FOOTBALL

Myles Butler's senior year growth has Montgomery Catholic on verge of Super 7

Nick Alvarez
Montgomery Advertiser

Myles Butler walked onto Montgomery Catholic's practice field to test himself.

It was after school on Nov. 7, and Butler and his uncle, Nelson Shields, brought an automated Jugs football passer onto the grass at around 5 p.m. For two hours, Butler caught passes, monitoring the pain in his left forearm. 

Two weeks prior, he underwent surgery for a broken wrist. Doctors said he'd likely miss two weeks, including the Knights' first playoff game. Yet, just more than 24 hours before the Alabama High School Athletic Association postseason's opening round, there Butler was, convincing himself he was ready. 

If the injury occurred a year ago, Butler probably wouldn't have returned a week early, he said. That was before a growth spurt and months of lockdown unearthed an opportunity. This season, Butler saw a chance to raise his stock as a Division I recruit and guide a revamped Knights offense that featured him in a starring role. 

The wide receiver dedicated himself, and Montgomery Catholic (11-2) has reaped the benefits, reaching the Class 3A semifinals with Butler at the crux of its most important position group. Montgomery Catholic's offense returned no starting offensive lineman from a year ago and is currently starting a freshman quarterback. Butler's one of three skill-position players with 1,000-plus yards, totaling 12 touchdowns in 55 catches.  

Catholic wide receiver Myles Butler (14) celebrates a long touchdown against Pike Road during the AHSAA Kickoff Classic at Cramton Bowl in Montgomery, Ala., on Thursday evening August 20, 2020.

A season-long quest faces its biggest hurdle Friday. The Knights travel to Montgomery Academy (13-0) and a defense that allows 9.5 points per game. Butler's big-play potential could determine who makes the trip to Bryant-Denny Stadium next week. Butler has welcomed the challenge. 

"I always question myself," Butler said, "'Myles, do you want to be great? Do you want it as bad as I say I do?' .. That pushes me."

The Knights are 23 points away from setting a program single-season record (446). Last season, a triple-option offense led Catholic to 12 wins, but Butler wasn't featured.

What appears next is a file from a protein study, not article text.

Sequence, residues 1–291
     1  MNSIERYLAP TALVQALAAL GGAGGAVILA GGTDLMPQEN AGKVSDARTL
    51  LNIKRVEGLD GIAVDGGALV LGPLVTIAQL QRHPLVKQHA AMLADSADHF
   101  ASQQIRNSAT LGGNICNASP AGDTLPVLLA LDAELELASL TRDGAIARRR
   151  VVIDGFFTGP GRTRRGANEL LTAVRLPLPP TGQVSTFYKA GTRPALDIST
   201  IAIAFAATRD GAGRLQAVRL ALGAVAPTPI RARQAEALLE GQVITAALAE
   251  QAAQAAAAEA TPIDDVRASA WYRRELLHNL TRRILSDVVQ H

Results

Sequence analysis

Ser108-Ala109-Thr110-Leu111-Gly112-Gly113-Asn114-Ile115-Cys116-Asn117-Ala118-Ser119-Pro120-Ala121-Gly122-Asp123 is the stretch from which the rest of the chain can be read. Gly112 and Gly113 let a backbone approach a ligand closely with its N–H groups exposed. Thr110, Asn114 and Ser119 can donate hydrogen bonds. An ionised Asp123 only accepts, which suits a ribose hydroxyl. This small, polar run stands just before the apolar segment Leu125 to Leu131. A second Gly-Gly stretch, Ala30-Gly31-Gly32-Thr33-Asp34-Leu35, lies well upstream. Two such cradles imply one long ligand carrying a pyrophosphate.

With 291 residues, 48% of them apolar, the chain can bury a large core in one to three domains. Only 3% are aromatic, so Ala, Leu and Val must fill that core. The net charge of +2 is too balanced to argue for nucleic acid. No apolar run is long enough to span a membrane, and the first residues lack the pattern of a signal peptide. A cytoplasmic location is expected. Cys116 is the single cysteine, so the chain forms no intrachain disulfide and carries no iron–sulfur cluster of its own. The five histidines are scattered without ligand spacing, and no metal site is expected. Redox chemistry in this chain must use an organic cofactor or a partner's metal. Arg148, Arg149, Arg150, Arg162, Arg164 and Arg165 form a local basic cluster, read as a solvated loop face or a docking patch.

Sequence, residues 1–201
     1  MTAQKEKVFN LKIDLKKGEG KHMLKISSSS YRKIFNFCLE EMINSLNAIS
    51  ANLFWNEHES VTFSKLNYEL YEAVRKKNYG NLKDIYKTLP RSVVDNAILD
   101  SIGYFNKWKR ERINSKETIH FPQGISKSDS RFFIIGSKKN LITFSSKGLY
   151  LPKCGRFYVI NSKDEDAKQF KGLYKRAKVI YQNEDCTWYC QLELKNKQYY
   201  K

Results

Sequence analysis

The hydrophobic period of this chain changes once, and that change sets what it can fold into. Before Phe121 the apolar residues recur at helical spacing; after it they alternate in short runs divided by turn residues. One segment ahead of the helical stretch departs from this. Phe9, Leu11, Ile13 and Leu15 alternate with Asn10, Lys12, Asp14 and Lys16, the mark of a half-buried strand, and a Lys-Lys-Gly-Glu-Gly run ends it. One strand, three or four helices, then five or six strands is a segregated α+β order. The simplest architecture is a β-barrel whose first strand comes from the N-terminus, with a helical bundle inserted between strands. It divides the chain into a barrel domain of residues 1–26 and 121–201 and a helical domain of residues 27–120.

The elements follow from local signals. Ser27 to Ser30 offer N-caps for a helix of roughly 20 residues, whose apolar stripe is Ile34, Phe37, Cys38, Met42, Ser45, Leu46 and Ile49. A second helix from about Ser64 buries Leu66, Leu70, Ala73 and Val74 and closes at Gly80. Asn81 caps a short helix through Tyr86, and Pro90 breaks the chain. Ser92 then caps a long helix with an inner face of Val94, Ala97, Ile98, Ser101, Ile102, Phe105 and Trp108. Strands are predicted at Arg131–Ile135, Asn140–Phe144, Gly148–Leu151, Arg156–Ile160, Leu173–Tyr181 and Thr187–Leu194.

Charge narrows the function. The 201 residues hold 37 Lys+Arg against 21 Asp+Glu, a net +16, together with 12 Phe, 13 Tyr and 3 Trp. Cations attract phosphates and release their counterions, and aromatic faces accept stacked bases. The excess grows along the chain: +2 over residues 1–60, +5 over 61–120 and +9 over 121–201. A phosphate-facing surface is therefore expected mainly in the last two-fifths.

He was 6-foot, 176-pounds then and caught 35 passes for 599 yards and six touchdowns. Butler said he was content with being an "average" player. But against Handley in the second round of the postseason, Butler dropped a touchdown in a three-point win. 

Butler still hasn't shaken off that disappointment, so he carved out a portion of his Sundays to catch 100 balls. Then he sprouted three inches and gained 13 pounds of muscle. He spent hours outside training on his own or having socially-distanced practices with teammates when possible. 

Catholic's Myles Butler jumps high for a pass in the endzone.

During the preseason, Montgomery Catholic coach Aubrey Blackwell noticed Butler was more vocal. He'd explain play concepts to underclassmen and lead drills. Between the hashes, Butler started high-pointing the ball and out-running safeties. Butler always good ball skills, Blackwell said, and a larger frame only helped. 

The Knights had a 6-2 record heading into an Oct. 16 matchup against Trinity. They stormed through Region 4, with Butler and DJ Carter leading a passing offense with quarterback Caleb McCreary. During the contest, Butler ran a post route and his left wrist collided with Carter's helmet on a jump ball. Butler's radius – the two largest bones in the forearm – shattered. One day after his surgery, Butler attended his first physical therapy session. 

He stretched his fingers repeatedly to work through nerve blockage. Butler then added wrist stretches into the routine. He went to therapy five days a week before practice and currently gets treatment thrice a week. 

During a team meeting, Butler talked about his wrist and how he knew he couldn't miss the Knights' playoff opener against Bayside. "I wasn't wasting any time," he said. At the start of the Nov. 6 game, Butler dropped his first two targets. In the stands, Shields saw his nervous nephew and moved closer to the team bench.  

Shields told Butler to take the extra padding off his forearms and to trust himself. "You don't need that," Shields said. Butler acquiesced and finished the game with three catches for 103 yards and three touchdowns. 

"(When) God gives you mostly everything you need to be a DI athlete," Butler said, "I'm gonna start working for it."